reservations (800) 238-0910

Blog Home

Widelife Watching in Estes Park and RMNP

Estes Park and RMNP offer outstanding opportunities for wildlife viewing.  Bobcats, mountain lions and porcupines are well established in the Estes Park area but not easily spotted during the day.  The ultimate wildlife watching experience is viewing animals’ behavior without disturbing their normal activities.


Following a few simple guidelines will increase your chances of a “good look”:

- Try to blend with the landscape by wearing natural colors and walking softly.  It helps if you’re as free of added scent as possible as well.

- Stay on the sidelines, using binoculars or telephoto lenses to avoid crowding your subject.

- Move slowly, act uninterested, avoid staring.  Animals can detect tension and, if you try to sneak up on them, they’ll interpret your behavior as that of a predator and run.

- Please do not feed the wildlife.  Feeding produces a dependence on unnatural foods not healthy for survival in the wild.  What’s more, it’s illegal.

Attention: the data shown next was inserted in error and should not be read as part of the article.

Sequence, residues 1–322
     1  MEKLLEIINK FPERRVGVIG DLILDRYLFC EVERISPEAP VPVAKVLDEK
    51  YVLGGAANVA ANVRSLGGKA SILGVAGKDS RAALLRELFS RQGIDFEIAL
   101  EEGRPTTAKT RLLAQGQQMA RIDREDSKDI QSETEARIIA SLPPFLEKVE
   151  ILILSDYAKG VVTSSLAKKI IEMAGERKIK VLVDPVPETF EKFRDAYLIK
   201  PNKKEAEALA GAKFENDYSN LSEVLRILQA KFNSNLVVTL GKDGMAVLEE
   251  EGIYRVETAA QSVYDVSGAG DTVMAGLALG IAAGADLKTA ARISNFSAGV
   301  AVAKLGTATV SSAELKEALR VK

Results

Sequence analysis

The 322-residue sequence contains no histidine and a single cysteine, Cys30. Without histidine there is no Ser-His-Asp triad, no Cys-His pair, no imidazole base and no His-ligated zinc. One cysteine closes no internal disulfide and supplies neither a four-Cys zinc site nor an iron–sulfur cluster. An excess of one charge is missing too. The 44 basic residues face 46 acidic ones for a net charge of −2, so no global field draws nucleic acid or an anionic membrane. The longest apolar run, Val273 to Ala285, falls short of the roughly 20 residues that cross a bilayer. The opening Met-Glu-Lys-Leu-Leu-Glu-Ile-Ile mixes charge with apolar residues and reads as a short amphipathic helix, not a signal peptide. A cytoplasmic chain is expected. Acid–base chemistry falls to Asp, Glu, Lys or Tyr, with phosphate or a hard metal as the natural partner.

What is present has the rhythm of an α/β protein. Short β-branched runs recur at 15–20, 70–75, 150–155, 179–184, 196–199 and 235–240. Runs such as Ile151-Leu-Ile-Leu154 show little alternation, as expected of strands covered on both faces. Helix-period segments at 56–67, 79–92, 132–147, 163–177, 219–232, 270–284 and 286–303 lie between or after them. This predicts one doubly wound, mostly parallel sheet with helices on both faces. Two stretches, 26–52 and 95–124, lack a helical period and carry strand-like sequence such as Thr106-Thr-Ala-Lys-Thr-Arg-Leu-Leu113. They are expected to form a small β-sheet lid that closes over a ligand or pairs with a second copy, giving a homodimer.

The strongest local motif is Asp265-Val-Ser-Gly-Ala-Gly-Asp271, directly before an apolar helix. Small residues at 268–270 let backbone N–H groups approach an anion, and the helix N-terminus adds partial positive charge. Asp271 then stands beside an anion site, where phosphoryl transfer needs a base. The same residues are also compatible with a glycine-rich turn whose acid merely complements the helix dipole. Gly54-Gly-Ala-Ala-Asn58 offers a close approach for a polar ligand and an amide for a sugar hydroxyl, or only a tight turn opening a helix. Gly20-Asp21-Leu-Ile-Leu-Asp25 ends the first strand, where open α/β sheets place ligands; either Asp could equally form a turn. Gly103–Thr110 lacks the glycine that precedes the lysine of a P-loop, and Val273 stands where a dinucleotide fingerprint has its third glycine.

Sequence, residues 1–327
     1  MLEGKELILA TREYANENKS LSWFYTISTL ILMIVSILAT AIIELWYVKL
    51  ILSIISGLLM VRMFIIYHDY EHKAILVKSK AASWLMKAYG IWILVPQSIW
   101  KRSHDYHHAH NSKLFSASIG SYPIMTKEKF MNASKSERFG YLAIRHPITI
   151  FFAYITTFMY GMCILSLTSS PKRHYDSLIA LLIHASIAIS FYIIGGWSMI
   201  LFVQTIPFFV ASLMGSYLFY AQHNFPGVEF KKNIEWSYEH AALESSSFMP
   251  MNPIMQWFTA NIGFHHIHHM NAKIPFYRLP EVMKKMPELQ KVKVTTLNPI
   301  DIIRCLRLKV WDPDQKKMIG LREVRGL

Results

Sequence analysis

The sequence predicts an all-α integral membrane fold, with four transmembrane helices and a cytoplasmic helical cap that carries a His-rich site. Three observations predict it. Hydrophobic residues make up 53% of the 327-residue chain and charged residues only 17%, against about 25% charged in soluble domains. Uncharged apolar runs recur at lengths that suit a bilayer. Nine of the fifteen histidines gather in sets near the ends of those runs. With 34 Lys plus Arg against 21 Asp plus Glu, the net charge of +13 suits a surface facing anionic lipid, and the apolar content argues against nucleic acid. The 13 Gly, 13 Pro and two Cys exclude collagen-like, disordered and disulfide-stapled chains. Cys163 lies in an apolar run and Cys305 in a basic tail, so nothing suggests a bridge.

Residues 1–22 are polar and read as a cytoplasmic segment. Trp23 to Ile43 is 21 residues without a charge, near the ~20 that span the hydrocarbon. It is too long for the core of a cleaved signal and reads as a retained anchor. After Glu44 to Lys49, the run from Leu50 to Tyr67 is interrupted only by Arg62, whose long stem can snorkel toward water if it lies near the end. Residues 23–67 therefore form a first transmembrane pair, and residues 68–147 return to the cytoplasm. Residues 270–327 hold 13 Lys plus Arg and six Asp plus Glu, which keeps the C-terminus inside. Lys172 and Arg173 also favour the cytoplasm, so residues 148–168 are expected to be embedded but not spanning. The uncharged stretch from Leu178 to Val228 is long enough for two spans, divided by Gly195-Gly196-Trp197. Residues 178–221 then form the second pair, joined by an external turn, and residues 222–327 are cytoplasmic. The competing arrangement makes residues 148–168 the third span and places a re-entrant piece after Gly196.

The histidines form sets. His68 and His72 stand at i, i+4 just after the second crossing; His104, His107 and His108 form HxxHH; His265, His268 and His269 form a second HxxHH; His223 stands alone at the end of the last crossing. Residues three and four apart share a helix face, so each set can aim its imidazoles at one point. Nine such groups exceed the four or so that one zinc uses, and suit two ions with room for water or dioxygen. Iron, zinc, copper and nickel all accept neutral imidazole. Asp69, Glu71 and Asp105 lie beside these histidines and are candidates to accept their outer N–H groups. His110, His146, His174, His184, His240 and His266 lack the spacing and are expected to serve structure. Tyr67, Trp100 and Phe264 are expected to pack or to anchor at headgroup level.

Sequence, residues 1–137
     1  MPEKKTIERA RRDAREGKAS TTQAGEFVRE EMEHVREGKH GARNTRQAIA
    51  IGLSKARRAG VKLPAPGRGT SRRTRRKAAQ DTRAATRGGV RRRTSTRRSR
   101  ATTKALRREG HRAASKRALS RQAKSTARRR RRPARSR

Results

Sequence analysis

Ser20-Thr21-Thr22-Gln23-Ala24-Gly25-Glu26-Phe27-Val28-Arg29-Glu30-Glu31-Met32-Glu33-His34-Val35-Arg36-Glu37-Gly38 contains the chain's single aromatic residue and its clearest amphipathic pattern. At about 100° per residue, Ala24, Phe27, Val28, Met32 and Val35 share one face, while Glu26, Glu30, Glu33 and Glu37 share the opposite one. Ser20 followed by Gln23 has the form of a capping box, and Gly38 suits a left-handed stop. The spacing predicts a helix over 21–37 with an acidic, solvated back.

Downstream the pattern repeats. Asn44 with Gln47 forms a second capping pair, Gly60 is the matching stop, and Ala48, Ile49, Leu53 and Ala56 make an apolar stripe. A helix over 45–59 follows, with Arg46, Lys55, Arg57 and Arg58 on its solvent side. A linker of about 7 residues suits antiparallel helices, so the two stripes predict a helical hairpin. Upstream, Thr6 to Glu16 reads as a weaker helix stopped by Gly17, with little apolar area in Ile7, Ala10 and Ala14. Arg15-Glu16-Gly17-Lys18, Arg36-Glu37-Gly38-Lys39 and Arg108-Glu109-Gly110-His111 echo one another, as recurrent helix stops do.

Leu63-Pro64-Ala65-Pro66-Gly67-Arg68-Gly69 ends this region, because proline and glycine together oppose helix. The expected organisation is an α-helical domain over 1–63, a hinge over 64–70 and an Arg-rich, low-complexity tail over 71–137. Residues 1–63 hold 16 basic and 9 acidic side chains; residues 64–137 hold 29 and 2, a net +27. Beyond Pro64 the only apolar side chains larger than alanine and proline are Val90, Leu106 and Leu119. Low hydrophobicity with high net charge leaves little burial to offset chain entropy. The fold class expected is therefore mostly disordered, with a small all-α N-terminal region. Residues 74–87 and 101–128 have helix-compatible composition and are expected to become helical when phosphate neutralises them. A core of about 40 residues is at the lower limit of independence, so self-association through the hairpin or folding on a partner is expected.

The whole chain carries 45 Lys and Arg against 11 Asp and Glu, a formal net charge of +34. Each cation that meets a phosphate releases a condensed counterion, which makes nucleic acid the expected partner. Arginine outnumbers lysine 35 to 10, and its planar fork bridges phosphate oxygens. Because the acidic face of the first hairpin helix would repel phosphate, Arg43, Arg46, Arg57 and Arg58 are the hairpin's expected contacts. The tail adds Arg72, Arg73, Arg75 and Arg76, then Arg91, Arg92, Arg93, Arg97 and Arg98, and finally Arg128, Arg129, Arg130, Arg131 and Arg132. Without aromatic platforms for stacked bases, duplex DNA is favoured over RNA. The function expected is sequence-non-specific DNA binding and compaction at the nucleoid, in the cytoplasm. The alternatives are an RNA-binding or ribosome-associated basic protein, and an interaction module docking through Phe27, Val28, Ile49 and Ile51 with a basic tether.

Fall, winter and spring are the best seasons for wildlife watching.  Elk observed at a distance on the tundra in summer are frequent visitors in town during the winter.  In the fall, elk and bighorn sheep ruts produce spectacular sights and sounds.  In spring, deer and elk sport new sets of velvet-covered antlers.


Wildlife Watching Tips: Your car serves as a good “blind” for watching wildlife, protecting you and the animals from one another.  Pull all the way off the road, turn off the motor and the lights.  Keep young children and pets quiet and inside the car.  Don’t trespass on private property and, when in the national park or national forest, observe posted signs.


Photo Tips: Respect the safety and welfare of your subject, aiming for photos of calm, dignified, unstressed animals.  Morning and afternoon light are best, with the sun at your back.  If you don’t have a telephoto lens, show the animal in its natural surroundings rather than trying to move in too close.  You could lose the shot altogether by spooking the subject.